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I have a MacBook Pro 13" (exactly this one) and seems to me that it's heating pretty much. The temperature is usually 80°C, and sometimes goes up to 90°C while just taking back-up and some internet browsing. I've used smcFanControl that uses the fans at max, but still, it seams that the temperature is too high for such a small work, especially after reading the answer to this question. Here is a screenshot from activity monitor with smcFanControl displaying the heat and the fans' RPM on the Menu Bar.

Activity monitor screenshot

So is this normal? If not, what should I do?

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Do you smoke in the room that the laptop is in? I had a MacBook Pro that started to have heat issues. I was a heavy smoker in a small apartment. The smoke caked on the heatsinks and fans causing it to reduce in its cooling ability. I took apart the laptop and used Denatured Alcohol to clean the heatsinks. It worked perfectly afterwards. – kobaltz May 9 '13 at 12:39
No, I'm not a smoker and I'm using the computer on one of the coolest rooms of the apartment. – moray95 May 9 '13 at 12:45
Have you tried to clean the internals? Dust and other dirt can cause effective cooling to become ineffective. – Ramhound May 9 '13 at 12:47
Okay, first job I'll check it. Is there any special product that you'll recommend to clean with? like @kobaltz said that he used alcohol – moray95 May 9 '13 at 12:50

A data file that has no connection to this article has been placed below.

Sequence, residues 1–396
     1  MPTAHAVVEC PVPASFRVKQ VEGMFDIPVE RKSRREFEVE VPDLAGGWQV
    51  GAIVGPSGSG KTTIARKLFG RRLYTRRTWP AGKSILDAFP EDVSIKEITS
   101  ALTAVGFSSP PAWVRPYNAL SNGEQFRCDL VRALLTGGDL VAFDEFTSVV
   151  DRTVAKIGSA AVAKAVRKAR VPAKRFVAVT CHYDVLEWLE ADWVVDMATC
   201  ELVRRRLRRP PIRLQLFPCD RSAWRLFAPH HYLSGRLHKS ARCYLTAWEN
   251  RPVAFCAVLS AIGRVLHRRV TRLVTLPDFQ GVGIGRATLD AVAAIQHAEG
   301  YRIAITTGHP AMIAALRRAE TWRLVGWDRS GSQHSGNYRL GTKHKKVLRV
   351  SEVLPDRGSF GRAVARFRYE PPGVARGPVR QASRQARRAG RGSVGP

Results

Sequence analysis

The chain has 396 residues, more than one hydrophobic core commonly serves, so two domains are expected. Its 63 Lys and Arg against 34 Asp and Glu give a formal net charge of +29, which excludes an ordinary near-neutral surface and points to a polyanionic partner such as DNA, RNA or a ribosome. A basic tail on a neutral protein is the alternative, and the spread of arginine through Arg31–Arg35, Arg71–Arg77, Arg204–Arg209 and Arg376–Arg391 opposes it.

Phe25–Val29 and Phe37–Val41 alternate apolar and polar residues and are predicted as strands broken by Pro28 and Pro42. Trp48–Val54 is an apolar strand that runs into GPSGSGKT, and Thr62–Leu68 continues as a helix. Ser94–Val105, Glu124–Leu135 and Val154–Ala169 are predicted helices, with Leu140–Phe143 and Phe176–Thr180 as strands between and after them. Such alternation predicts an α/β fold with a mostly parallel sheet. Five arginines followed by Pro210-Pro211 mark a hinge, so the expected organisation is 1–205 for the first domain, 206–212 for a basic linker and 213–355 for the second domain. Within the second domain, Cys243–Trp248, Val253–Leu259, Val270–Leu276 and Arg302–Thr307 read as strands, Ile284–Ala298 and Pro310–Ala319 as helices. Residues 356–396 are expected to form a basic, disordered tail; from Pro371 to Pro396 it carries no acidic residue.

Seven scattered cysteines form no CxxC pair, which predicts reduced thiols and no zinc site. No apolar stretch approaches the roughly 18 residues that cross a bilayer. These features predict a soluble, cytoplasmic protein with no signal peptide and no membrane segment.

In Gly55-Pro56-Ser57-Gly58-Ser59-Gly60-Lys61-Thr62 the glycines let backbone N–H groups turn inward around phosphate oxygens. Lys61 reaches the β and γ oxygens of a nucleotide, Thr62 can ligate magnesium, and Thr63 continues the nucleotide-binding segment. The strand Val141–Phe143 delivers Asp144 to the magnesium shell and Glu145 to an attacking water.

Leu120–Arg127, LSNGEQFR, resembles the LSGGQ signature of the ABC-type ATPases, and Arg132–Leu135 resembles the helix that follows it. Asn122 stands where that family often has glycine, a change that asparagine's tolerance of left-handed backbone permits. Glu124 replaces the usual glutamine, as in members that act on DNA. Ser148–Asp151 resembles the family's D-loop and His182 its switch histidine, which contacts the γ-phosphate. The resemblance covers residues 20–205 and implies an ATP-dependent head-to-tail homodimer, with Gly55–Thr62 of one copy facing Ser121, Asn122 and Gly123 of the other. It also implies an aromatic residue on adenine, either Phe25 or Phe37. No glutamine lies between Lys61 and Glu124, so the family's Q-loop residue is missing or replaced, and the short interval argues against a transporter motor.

I used Denatured Alcohol. On the heatsinks, you may need to find a long stiff bristle brush to get down in them. Also make sure that your fans are working. A dead fan could also cause rise in temps on a lappy. – kobaltz May 9 '13 at 12:54

Avoid sitting the Mac on soft surfaces. The ideal position is on a hard surface, ideally slightly raised. If you cut a wine cork in half lengthways this makes a great raiser. The extra airflow underneath can make a big difference.

Conversely, placing a mac on a bed will allow it to build up heat.

if Safari is commonly using that much CPU you might want to look at investigating that: for example upgrading Flash if necessary.

To test whether it's likely to be dust as mentioned above, I suggest you restart the Mac and leave it running for a while with maybe something simple like a youtube video. Monitor the temperature and see whether heat is still a problem. If yes it might be the fan. If no, it might be software.

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